As the movement for third level education acceptable to Catholics gathered pace, University College, where Gerard Manley Hopkins would teach and James Joyce would be a student, was established in 1885. The latter was replaced, as a Jesuit residence, by Leeson St in 1910, with its university hostel attached, and Rathfarnham was opened three years later in 1913, to accommodate juniors attending the university.
The college in St Stephen’s Green was the beginning of a long association between Irish Jesuits and university education in Ireland, now – as we may hope – happily set to continue in new and once unexpected ways. Jesuit numbers in the 19th century kept on growing at a remarkable rate: 117-strong in 1860, as mentioned, the Province had 202 men in 1880, 317 in 1900, 400 in 1920, 543 in 1930. By 1970, as we moved past the province’s centenary, the numbers had finally begun to fall and we are only too familiar with the pattern of decline since then.
Part of what a province characteristically does, when it reaches province-status, especially with this kind of steady growth in numbers, is to take responsibility for missions. When the Irish Jesuits went to Australia in 1865, the Austrians had already been there since 1848. Irish foundations quickly sprung up in Victoria and New South Wales and elsewhere. Gradually, they took over what the Austrians had founded as well and, in 1901, the two missions were united as one. When what was, in effect, now an Irish mission became a vice-province in 1931, many Irish Jesuits remained in Australia.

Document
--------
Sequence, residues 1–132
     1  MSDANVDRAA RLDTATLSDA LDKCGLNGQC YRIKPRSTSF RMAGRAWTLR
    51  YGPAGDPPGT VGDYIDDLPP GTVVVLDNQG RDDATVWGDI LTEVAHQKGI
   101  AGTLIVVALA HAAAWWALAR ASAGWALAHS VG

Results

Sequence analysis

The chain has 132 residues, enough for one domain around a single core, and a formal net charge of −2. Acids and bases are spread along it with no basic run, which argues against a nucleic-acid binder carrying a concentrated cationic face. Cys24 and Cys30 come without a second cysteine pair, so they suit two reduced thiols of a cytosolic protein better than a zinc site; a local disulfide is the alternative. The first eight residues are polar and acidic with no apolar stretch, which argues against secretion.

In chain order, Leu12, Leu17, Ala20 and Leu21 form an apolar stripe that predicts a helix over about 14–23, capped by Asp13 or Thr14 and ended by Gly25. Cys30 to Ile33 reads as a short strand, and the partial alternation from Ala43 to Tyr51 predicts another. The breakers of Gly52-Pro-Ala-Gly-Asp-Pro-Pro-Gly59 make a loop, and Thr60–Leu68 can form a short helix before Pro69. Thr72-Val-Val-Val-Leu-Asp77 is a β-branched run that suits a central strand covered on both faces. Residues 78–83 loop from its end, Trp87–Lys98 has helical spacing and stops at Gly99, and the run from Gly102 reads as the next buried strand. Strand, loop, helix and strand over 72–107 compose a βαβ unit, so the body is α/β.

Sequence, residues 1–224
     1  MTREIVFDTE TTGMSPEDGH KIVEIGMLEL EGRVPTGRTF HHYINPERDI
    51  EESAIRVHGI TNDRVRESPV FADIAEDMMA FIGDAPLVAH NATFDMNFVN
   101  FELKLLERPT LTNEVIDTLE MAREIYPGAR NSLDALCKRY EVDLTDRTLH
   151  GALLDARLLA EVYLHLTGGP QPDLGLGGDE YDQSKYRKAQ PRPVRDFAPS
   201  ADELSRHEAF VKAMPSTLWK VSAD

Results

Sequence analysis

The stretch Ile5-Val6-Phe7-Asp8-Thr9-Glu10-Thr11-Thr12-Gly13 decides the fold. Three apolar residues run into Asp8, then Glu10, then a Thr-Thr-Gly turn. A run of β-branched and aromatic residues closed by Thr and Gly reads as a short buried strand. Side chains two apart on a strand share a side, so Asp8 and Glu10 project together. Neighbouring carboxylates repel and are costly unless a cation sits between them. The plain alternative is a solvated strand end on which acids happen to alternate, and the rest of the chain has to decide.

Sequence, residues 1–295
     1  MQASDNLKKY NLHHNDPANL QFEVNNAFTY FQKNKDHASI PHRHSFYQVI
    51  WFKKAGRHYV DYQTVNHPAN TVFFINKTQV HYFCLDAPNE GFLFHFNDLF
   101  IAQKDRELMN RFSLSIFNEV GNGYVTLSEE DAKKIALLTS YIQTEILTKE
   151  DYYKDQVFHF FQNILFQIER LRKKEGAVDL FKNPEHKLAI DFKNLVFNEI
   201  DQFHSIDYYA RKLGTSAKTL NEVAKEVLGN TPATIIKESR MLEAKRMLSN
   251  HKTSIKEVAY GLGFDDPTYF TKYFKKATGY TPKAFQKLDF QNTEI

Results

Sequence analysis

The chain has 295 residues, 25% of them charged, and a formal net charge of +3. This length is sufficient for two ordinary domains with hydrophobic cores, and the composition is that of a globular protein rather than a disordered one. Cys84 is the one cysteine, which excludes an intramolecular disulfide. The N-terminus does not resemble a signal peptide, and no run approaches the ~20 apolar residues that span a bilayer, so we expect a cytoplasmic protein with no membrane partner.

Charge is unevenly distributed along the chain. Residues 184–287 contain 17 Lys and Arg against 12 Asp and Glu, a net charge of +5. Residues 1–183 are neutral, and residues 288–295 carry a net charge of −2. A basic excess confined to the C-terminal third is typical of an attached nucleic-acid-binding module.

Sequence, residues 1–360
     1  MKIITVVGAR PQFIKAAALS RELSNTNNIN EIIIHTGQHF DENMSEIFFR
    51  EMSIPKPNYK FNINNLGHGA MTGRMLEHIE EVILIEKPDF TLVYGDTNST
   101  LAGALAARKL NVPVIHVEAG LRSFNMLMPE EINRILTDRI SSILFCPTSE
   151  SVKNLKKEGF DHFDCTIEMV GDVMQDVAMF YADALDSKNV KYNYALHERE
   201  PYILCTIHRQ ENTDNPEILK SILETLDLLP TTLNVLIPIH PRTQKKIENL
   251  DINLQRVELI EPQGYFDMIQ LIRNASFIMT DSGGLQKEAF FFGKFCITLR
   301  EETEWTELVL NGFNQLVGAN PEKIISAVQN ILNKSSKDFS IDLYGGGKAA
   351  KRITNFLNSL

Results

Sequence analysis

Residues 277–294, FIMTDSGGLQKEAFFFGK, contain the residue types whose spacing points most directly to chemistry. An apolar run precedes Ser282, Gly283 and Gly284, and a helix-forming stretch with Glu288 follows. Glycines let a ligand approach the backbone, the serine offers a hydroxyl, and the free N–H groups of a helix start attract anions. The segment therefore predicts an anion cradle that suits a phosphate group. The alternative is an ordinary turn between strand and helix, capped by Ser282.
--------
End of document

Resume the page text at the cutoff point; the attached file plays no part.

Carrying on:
Meanwhile, in 1927, the Hong Kong mission had begun and it too would quite rapidly expand, within China and to Malaysia and Singapore. Characteristically, in both mission territories, colleges and educational endeavour were hall-marks of Irish Jesuit presence, reflecting their predominant commitment and area of expertise at home.
1914 is one kind of watershed, marking the centenary of Clongowes, the first foundation, when the degree to which the college had achieved its original aim seemed embodied in the person of John Redmond, the hugely committed, deeply Catholic man of the hour. In him, the province, a little more than 50 years old, and not just Clongowes itself, still then, perhaps, the flagship enterprise, could take some justifiable pride.
But Yeats’s ‘terrible beauty’ was about to be born and ‘utter change’ lay ahead, in part mocking the aspirations of a century’s Jesuit endeavour to produce leaders for a different kind of Ireland than the one now emerging. That endeavour had been, in some measure, inseparable from the pursuit of a certain kind of ‘respectability’, in competition with – and risking contamination by – English standards and English values.